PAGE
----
— or blinded
— study is an experiment in which information about the test is masked (kept) from the participant, to reduce or eliminate bias, until after a trial outcome is known.
It is understood that bias may be intentional or unconscious, thus no dishonesty is implied by blinding. If both tester and subject are blinded, the trial is called a double-blind
Blind testing is used wherever items are to be compared without influences from testers' preferences or expectations, for example, in clinical trials to evaluate the effectiveness of medicinal drugs and procedures without placebo effect, nocebo effect, observer bias, or conscious deception; and comparative testing of commercial products to objectively assess user preferences without being influenced by branding and other properties not being tested.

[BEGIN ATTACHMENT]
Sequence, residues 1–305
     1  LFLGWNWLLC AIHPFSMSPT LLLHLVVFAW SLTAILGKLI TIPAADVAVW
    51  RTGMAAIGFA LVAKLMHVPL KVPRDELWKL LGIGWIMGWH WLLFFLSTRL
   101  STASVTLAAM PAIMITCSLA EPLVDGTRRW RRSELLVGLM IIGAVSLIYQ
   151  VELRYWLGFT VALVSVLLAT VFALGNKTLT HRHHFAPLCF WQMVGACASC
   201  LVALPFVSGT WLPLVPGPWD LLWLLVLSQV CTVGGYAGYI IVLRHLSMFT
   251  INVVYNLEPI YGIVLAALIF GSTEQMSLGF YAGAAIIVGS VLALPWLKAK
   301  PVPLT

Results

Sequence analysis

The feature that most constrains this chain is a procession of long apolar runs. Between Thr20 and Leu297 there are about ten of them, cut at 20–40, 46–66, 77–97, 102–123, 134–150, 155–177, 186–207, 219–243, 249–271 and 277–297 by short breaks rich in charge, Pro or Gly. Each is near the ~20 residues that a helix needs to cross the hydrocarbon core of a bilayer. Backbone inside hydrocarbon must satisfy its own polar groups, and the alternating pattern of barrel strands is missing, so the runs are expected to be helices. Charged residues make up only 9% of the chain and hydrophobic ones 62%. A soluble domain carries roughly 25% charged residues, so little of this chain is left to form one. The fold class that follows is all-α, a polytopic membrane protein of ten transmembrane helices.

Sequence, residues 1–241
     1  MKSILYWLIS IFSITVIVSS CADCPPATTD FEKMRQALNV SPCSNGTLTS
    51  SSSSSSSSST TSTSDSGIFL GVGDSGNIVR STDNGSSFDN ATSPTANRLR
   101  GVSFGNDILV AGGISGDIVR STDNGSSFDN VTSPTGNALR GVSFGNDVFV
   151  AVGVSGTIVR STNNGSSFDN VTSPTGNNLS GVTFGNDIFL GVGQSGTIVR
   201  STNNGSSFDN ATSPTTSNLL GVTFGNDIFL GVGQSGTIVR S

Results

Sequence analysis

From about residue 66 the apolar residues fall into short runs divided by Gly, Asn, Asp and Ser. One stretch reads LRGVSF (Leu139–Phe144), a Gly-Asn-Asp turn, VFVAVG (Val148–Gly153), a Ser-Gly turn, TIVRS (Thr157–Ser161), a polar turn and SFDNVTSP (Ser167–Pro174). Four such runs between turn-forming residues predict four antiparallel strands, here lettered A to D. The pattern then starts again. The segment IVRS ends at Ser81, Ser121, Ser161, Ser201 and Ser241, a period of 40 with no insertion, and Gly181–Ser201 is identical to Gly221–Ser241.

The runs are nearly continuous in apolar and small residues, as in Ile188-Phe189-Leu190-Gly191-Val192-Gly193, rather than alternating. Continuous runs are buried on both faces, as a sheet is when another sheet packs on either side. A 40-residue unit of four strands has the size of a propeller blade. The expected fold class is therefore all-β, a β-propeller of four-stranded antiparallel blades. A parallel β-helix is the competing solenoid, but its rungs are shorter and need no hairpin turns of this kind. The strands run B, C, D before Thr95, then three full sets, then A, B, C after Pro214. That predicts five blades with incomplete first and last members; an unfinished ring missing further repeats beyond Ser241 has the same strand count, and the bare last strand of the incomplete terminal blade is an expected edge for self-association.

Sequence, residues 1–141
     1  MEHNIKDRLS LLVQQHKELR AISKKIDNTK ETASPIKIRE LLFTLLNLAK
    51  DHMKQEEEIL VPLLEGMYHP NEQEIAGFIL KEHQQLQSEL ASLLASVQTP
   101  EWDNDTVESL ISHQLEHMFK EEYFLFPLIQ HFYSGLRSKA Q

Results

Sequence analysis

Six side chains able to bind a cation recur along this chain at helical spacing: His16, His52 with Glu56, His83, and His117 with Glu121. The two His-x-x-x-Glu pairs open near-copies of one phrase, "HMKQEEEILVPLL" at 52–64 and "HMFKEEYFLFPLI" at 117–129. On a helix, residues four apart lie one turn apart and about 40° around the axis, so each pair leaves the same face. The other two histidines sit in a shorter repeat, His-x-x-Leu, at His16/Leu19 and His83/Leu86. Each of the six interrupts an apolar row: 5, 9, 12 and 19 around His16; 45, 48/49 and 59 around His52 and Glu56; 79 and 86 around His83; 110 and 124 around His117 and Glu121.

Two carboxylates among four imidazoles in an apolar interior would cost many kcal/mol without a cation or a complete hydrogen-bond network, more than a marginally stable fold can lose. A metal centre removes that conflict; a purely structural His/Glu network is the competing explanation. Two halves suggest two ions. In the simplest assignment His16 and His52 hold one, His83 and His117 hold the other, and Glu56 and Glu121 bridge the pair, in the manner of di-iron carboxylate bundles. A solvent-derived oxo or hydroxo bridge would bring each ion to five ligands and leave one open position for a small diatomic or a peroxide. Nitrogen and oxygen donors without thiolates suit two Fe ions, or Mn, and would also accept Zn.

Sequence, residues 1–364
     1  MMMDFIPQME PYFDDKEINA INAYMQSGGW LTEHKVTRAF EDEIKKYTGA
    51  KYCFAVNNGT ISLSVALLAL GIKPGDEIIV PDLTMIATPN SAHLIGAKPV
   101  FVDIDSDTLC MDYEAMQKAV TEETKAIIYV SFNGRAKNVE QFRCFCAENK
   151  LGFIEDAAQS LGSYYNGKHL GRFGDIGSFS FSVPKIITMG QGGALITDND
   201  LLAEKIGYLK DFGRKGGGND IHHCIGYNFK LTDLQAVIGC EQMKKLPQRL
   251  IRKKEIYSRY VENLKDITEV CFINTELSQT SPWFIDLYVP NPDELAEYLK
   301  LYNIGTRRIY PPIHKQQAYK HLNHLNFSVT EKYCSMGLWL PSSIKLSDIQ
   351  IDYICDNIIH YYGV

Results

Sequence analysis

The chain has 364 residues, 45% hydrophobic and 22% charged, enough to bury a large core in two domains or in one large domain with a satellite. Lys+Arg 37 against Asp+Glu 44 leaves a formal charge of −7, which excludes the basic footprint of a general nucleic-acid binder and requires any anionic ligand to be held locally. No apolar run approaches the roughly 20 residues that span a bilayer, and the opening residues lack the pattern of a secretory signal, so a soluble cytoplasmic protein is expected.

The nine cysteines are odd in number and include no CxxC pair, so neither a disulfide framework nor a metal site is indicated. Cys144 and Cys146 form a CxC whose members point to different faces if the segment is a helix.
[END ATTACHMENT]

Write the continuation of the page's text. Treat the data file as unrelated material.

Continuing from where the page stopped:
Blinding can be imposed on researchers, technicians, subjects, and funders. The opposite of a blind trial is an open trial.
Blind experiments are an important tool of the scientific method, in many fields of research: medicine; psychology and the social sciences; natural sciences, such as physics and biology; applied sciences, such as market research; and many others. In some disciplines, such as medicinal drug testing, blind experiments are considered essential.
In some cases, while blind experiments would be useful, they are impractical or unethical; an example is in the field of developmental psychology.
Adapted from Wikipedia, the free encyclopedia. Internet. Accessed on June 14, 2016.